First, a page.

As one who has experienced health care in the United States I have been following the debate of greater health care coverage with some interest. The vote in the Senate on Christmas Eve was in fact an historical event of considerable proportion. Barack Obama is to be congratulated on his success in getting the House of Representatives and the Senate to pass these health care bills. It is 44 years since a Democratic President, Lyndon Johnson passed his Medicare and Medicaid bills to extend coverage to the old and unemployed, but this left many millions of uninsured low paid Americans still without coverage. Obama and Johnson succeeded where Harry Truman, John F Kennedy and Bill Clinton failed. Clinton tried to pass a comprehensive health care bill in his first year as President in 1992 but failed to get it through a Democratic controlled Congress in 1993.
The bill passed by the House of Representative is more comprehensive than that passed by the Senate, the House bill costs of $1 trillion over 10 years and extends coverage to 96% of the population whilst the Senate bill costs $871 billion over 10 years and extends coverage to 94% of the population. The hard task now is to reconcile both bills but the final bill will look more like the Senate than the House bill.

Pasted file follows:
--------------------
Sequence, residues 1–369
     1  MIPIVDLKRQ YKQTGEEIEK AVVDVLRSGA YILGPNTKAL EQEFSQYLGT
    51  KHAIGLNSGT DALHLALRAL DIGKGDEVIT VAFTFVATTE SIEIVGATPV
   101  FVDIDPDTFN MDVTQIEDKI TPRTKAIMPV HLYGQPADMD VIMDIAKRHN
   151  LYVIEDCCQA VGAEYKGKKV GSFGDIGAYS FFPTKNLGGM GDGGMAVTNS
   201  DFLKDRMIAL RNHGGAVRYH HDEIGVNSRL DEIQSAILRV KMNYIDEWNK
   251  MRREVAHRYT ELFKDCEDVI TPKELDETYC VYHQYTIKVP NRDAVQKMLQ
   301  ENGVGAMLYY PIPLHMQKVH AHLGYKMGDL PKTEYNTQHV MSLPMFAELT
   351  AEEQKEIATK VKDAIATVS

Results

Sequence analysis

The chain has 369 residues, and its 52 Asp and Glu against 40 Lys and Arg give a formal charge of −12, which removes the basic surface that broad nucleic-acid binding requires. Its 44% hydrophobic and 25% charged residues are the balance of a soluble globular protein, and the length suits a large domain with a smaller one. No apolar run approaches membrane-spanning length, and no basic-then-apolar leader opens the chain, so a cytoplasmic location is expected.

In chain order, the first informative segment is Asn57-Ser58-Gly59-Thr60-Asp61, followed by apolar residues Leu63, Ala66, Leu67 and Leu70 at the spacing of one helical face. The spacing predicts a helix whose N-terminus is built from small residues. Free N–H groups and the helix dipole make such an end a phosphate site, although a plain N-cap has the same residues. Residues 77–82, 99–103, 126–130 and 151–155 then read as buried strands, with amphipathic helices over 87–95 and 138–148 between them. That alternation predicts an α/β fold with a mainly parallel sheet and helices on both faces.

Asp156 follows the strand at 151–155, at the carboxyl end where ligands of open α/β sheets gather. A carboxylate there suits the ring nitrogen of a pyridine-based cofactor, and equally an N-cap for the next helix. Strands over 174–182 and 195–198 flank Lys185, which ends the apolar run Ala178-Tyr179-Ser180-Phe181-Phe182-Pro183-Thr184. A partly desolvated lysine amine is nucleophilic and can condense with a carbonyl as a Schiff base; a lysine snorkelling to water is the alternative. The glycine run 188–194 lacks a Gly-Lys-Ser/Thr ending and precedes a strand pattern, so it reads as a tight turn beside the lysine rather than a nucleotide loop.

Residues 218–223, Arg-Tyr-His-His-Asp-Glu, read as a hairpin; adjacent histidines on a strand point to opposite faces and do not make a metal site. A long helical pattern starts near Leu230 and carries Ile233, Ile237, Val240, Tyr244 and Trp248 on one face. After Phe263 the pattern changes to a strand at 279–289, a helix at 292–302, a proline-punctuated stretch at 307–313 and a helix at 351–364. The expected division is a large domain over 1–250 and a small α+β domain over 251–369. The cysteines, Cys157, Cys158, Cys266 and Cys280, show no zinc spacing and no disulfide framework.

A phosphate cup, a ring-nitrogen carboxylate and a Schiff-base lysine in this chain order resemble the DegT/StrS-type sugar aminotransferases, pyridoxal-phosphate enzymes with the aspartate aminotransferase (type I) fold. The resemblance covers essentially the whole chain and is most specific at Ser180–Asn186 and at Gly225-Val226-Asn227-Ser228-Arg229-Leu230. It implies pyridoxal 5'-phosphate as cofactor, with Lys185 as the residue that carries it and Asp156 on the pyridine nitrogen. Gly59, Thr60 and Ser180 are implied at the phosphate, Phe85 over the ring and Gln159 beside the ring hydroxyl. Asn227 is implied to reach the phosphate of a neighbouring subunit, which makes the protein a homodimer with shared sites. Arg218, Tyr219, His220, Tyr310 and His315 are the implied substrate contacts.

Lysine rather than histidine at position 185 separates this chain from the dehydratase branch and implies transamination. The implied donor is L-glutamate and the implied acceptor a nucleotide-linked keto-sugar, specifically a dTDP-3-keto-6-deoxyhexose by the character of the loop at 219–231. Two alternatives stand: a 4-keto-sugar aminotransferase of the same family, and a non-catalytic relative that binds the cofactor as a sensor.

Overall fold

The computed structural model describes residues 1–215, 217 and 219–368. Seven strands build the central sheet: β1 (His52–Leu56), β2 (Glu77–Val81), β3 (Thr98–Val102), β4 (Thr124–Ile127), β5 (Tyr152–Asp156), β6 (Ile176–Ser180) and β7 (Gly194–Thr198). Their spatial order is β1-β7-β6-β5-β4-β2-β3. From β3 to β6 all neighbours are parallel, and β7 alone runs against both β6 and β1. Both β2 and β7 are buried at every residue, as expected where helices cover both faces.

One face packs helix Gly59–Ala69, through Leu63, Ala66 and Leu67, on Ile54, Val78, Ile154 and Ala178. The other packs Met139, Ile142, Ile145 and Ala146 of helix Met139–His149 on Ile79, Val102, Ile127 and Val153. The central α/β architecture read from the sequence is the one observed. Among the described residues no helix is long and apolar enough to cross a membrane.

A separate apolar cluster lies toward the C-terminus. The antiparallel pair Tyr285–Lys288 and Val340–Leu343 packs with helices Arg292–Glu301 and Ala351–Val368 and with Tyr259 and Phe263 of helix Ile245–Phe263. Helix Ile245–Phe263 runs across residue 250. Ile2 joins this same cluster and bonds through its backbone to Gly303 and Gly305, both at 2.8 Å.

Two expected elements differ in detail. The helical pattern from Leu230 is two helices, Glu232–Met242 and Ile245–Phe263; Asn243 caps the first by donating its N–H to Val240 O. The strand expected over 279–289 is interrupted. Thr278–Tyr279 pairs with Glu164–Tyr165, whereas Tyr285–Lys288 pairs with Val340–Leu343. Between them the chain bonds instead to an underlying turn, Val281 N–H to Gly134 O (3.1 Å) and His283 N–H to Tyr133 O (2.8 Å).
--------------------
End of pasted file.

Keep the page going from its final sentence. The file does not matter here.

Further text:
The vote in the Senate was along party lines with 60 in favour and 39 against anything less than 60 votes would have resulted in the Democrats not having sufficient votes to stop a Republican filibuster (delaying tactics). The Senate Majority Leader Harry Reid had to compromise to the end especially on abortion to get two wavering senators, Independant and ex Democratic Senator Joe Lieberman and Nebraska's conservative Democratic Senator Ben Nelson, on board.
It will be a historical day when Obama signs this bill into law and perhaps to mark the occasion he should sign it at the Johnson family ranch in Texas's Hill Country with Lady Bird Johnson, the widow of LBJ. Lyndon Johnson signed the Medicare and Medicaid bills at the home of President Harry S Truman in Independence, Missouri in 1965, even though Johnson had voted against Truman's health care bills in 1948.